Paul Noble looks at the pitfalls of modernising the Bible's language
Nobody has yet put Jesus into disposable nappies, but the time will come. The Good News Bible, first published in 1976, changed the "swaddling" of the Authorised Version into "wrapped him in strips of cloth" in an attempt to update and simplify. The 21st Century Children's Bible uses the same phrase but goes further in its attempts to be modern. It presents the Bible as 365 "stories" - one for each day of the year - annotated in the margins to make it a handy volume for a teacher or a storyteller at bedtime. The language is not much different from that of the Good News, but sadly the text is filled out with apostrophe-laden soap-like dialogue, for instance, "Perhaps I'dbetter call off our engagement" (Joseph) and "Do whatever you like!" (Abraham).
If one is going to play about with biblical text like this, surely it would be more satisfying to go for a full imaginative retelling? It has been done with stories from Shakespeare. Ways have also been found of making some of the Bard'spoetry accessible to children, so it should be possible to do the same for the language of the Authorised Version. Perhaps nobody thinks it worth doing for the 21st century.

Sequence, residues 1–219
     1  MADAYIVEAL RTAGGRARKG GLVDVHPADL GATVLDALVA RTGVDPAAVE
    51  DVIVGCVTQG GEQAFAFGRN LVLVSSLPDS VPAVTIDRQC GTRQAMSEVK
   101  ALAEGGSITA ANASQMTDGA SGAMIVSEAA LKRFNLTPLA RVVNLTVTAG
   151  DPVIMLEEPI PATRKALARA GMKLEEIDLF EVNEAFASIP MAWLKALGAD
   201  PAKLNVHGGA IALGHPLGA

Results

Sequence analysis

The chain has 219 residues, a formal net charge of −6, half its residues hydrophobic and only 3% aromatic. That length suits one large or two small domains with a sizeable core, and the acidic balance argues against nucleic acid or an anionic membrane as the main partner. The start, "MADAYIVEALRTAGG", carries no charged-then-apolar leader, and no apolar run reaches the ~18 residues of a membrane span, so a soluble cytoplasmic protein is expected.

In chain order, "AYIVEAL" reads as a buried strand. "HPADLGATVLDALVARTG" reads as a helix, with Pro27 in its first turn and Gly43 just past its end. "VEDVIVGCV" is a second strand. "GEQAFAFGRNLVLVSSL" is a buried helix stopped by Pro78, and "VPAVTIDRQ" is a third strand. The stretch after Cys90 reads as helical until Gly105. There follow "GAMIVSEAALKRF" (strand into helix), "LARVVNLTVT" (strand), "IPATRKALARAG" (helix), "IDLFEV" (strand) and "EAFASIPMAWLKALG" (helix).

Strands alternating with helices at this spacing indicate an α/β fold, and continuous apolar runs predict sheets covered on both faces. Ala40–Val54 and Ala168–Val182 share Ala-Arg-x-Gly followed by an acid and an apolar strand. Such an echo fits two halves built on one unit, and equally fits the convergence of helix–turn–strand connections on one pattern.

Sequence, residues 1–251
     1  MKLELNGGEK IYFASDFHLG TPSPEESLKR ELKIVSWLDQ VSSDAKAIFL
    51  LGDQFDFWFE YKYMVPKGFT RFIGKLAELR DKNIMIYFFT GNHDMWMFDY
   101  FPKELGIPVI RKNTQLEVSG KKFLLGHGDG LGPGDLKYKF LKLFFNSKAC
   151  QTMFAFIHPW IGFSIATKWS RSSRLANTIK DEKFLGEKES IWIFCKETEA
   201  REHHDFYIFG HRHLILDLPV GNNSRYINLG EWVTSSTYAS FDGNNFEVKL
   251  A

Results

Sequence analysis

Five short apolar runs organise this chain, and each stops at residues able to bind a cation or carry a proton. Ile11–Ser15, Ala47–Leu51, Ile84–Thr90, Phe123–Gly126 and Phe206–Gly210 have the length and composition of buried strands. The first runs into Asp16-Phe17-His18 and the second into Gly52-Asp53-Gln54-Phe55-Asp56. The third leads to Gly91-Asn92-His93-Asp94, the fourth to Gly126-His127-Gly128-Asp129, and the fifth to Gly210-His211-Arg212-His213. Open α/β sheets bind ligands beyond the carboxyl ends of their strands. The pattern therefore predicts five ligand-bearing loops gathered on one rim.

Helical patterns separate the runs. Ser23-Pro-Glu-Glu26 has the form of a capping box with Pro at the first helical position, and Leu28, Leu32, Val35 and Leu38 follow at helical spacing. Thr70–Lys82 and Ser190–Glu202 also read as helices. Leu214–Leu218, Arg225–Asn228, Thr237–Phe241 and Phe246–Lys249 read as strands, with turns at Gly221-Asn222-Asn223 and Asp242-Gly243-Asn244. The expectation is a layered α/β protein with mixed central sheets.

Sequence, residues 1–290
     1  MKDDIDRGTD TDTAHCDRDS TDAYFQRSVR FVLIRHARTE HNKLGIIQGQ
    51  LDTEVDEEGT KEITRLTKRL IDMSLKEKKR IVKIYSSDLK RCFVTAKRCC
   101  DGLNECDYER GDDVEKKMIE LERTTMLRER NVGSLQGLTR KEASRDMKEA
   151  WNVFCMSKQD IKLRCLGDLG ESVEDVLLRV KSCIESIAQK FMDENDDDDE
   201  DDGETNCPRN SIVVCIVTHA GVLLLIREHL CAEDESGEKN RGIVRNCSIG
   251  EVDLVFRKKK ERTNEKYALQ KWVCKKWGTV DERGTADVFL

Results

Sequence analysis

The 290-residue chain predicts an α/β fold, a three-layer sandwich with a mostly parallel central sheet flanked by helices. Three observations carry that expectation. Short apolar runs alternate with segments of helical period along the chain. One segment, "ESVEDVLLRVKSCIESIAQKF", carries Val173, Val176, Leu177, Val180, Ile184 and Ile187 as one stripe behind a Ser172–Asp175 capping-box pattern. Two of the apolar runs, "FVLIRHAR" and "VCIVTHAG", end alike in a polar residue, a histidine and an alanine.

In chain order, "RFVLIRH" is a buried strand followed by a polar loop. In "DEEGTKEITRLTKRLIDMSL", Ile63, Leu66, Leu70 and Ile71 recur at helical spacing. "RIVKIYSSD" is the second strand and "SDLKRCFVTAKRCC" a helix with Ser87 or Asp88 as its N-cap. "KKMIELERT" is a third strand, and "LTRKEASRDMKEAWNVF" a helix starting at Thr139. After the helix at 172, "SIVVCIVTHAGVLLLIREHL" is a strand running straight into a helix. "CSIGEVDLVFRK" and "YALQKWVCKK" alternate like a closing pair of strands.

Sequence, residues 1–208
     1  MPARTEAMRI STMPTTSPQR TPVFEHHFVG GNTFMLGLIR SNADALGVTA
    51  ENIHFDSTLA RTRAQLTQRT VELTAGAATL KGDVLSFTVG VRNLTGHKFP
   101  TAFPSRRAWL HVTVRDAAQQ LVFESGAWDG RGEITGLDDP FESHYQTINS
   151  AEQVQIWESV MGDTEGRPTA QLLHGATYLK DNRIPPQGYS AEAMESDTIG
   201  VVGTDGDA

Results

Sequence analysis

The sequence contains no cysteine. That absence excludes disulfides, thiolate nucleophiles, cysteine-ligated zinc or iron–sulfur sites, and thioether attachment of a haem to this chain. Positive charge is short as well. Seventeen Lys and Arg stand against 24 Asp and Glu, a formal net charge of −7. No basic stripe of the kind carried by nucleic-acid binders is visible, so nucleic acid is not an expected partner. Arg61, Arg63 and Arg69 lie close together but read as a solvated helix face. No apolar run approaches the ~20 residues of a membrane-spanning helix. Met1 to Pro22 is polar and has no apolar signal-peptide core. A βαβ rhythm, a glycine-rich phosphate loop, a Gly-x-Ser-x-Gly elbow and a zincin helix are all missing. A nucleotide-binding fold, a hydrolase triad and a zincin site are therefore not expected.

The Four Gospels is the best version of the Good News Bible that I have seen. In two-column format, it is well-illustrated and has a handy colour-coded margin for each Gospel. The format isideal for the young reader. The Teachers Notes are very informative and helpful for lesson preparation, but the photocopiables are as dull as a shipping forecast without a Dogger Bank or Finisterre to cheer them up. An unvarying typeface combines with crude drawings to create a celebration of monotony, although I did find the section where the children filled in the blanks mildly diverting. ("The --- came in the form of a --- and sat on the --- of ----.") The Teachers Notes sensibly use AD and BC, as does national curriculum history, while The Four Gospels inconsistently uses BCE and CE. The issue is further confused when a horizontal and a vertical timeline are placed in direct opposition to each other on one page - foolish errors that should have been avoided.
2000 Years: The Christian Faith in Britain is a pretty book, sharply focused and very straightforward. Inevitably, squeezing 2000 years into 20 double-page spreads and rigidly sticking to the format accentuates the book's lightness of touch. Crusaders and pilgrims, for example, are dealt with in one double-page spread, the same space devoted to George Fox, who started the Quakers. Surprisingly, this book is conventional in everything except in its use of conventions. It places CE next to every AD date on its recurring timelines, which strikes one as being more in the cause of point-making than clarity.
Paul Noble is head of St Andrew's Church of England primary school, Blunsdon, Wiltshire